Yields 4-6 large patties

1 cup cooked Quinoa
1 can navy beans, rinsed and drained
1/4 cup dry whole wheat breadcrumbs
4 scallions, white and light green parts only, thinly sliced
1 large egg
1 large carrot, peeled & grated
1/4 cup Italian Parsley, finely chopped
2 TB tahini (I like Joyva brand)
1/4 tsp cayenne pepper
1/2 tsp ground cumin
3 TB olive oil
sea salt & freshly ground black pepper

1) In a medium bowl, mash the navy beans with a fork to form a coarse paste. Add the breadcrumbs, scallions, parsley, carrot, egg, cayenne, cumin, tahini, and quinoa. Season with salt & pepper and mix to combine. Form the mixture into patties, each about 4" in diameter x 1/2" thick.

2) In a large skillet, heat the olive oil over medium-low heat. Cook the patties until browned and firm, about 5-8 minutes per side. Serve with tahini sauce (recipe below), and a simple green salad with sliced oranges and avocados.

For Tahini Sauce:
1/3 cup well-stirred Tahini
1/4 cup water
1/4 cup freshly squeezed lemon juice (use 2 TB at a time, may need a bit more or less)
1/8 tsp cayenne pepper
1/8 tsp ground cumin
salt & pepper

1) In a small bowl, whisk together the tahini and the water. Continue whisking while adding the lemon juice until you reach your desired consistency. It may take a bit more or a bit less lemon juice and/or water to get there. Season with cayenne, salt & pepper, and stir to combine.

For serving:
Simple green salad (I'm going with winter escarole and raddichio tonight)
Lemon juice & olive oil dressing (1 part lemon juice, 2 parts olive oil, salt & pepper)
Sliced Avocado
Sliced Oranges

25 January 2010

Morning Glory Muffins

Since I'll be eating those yummy crepes again tonight I thought today I'd share a recipe for my Morning Glory Muffins. They're a great way to start the day, not too sweet yet substantial and energizing. Whip up a batch this weekend for next week when you need a healthy 'grab and go' breakfast.

Yields 18 muffins

1 3/4 cups unbleached flour
1/2 cup whole wheat flour
1 cup evaporated cane juice
1 1/2 tsp ground cinnamon
1/2 tsp 5 Spice powder
2 tsp Baking Soda
1/2 tsp Sea Salt
1/2 cup UNsweetened grated coconut
3/4 cup Golden Raisins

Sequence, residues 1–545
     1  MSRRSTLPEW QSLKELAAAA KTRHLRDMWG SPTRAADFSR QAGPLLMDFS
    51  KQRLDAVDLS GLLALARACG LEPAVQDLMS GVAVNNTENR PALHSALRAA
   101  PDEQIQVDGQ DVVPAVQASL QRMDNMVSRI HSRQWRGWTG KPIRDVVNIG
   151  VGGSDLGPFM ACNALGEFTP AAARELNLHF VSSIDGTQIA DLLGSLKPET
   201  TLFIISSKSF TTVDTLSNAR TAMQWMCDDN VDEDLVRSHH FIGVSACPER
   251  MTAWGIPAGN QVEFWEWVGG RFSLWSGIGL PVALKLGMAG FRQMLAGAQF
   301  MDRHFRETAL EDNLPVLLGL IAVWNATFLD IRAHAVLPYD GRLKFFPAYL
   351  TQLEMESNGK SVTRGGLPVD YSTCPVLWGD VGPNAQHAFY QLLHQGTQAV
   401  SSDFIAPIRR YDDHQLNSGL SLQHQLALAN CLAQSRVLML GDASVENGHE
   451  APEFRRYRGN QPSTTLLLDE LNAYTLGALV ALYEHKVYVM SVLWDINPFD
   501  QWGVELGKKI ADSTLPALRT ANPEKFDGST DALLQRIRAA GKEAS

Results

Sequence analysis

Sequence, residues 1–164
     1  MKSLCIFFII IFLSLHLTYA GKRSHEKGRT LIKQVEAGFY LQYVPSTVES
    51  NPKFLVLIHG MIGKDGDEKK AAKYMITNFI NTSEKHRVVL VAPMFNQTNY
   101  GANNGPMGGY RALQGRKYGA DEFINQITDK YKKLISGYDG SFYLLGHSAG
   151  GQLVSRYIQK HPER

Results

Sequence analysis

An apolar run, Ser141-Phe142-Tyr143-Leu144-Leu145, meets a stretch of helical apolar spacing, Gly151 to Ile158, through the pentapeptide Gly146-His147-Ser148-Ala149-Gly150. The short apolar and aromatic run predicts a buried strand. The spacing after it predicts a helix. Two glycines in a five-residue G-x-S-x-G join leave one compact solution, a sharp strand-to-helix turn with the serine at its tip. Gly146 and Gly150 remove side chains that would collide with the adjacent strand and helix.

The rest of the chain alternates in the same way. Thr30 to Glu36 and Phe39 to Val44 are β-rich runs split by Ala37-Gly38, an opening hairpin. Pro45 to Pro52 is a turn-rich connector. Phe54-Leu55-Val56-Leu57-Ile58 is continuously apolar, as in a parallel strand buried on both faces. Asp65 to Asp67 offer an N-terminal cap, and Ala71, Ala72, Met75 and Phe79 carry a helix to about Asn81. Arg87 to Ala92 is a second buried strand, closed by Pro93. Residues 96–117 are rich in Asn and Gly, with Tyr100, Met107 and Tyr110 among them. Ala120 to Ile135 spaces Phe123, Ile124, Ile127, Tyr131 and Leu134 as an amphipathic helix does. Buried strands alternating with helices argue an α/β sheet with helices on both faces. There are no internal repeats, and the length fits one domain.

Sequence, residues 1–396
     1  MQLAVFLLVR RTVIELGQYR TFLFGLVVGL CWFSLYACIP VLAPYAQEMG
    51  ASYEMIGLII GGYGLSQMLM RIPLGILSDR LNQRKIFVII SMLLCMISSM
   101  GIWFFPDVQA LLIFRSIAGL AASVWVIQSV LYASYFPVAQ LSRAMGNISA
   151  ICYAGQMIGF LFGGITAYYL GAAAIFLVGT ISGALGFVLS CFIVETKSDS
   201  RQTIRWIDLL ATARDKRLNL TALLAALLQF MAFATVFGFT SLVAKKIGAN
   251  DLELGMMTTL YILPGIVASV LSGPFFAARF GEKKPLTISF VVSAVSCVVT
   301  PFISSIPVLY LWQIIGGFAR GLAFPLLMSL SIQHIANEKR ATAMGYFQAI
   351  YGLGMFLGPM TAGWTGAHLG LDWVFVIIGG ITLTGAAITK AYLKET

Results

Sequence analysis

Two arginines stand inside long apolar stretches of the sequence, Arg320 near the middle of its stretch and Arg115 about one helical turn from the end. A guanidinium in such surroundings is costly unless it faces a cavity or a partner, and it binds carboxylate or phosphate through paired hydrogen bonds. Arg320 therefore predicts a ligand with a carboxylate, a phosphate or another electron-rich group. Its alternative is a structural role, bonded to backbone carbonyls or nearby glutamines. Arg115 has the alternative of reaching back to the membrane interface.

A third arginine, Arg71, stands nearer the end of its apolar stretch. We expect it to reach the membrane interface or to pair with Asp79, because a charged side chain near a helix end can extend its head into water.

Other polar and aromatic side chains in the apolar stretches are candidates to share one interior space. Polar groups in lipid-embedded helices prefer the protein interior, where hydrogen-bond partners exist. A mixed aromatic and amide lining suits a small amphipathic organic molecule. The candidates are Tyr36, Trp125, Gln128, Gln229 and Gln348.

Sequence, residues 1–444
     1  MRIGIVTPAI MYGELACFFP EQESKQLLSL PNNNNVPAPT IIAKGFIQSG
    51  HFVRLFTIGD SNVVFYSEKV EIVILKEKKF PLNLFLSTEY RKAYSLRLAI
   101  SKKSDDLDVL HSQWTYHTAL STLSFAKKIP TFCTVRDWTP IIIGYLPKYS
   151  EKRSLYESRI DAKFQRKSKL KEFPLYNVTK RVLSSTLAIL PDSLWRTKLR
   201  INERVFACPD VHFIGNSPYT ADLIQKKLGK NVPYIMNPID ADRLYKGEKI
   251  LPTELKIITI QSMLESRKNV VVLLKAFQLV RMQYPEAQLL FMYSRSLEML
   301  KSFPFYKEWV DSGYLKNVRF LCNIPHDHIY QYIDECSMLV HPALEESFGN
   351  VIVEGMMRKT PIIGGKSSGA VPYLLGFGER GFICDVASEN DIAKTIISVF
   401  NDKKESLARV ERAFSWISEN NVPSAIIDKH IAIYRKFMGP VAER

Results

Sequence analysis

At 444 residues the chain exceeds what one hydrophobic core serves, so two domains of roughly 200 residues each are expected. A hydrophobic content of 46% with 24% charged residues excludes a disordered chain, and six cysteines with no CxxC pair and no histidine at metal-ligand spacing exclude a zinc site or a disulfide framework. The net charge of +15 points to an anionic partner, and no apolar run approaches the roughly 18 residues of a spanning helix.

1 apple, peeled and grated on a box grater
1/2 cup Applesauce (use unsweetened jarred applesauce)
2 cups Carrots, peeled and grated on a box grater (about 3 large)
1/2 cup Walnuts, chopped
3 Eggs
3/4 cup Canola Oil
1/4 cup Olive Oil
1 1/2 tsp Vanilla Extract

1) Preheat your oven to 350 degrees. Spray your muffin tins with nonstick spray or butter and flour them. 

2) In a large bowl, whisk together the flours, cane juice, cinnamon, 5 Spice, baking soda, and salt. Stir in the coconut, raisins, grated apple, applesauce carrots, and nuts and toss to combine.

3) In a separate bowl, whisk the eggs and the oils with the vanilla extract. Pour into the bowl with the dry ingredients and stir to incorporate.

4) Spoon the batter into the muffin cups, about 7/8 of the way full. Bake for 30-35 minutes until a cake tester comes out clean and they are a rich brown color. Cool them in the tins for 10 minutes and then turn onto a rack to finish cooling.

Buckwheat Crepes with Mushrooms & Chevre

Tonight's dinner is one of my most favorite things ever to eat... buckwheat crepes. Some people might be intimidated by making crepes, thinking you need one of those fancy crepe maker griddle thingies but all you really need are a couple of nonstick skillets and a few simple ingredients.

Crepes are so versatile, you can fill them with just about anything but tonight we're having mushrooms and goat cheese. They'd be equally good with spinach, smoked ham, or just melty cheese inside topped with an egg sunny-side-up (or 'mirroir' as it's called). I can think of a million ways to deliciousness with these guys.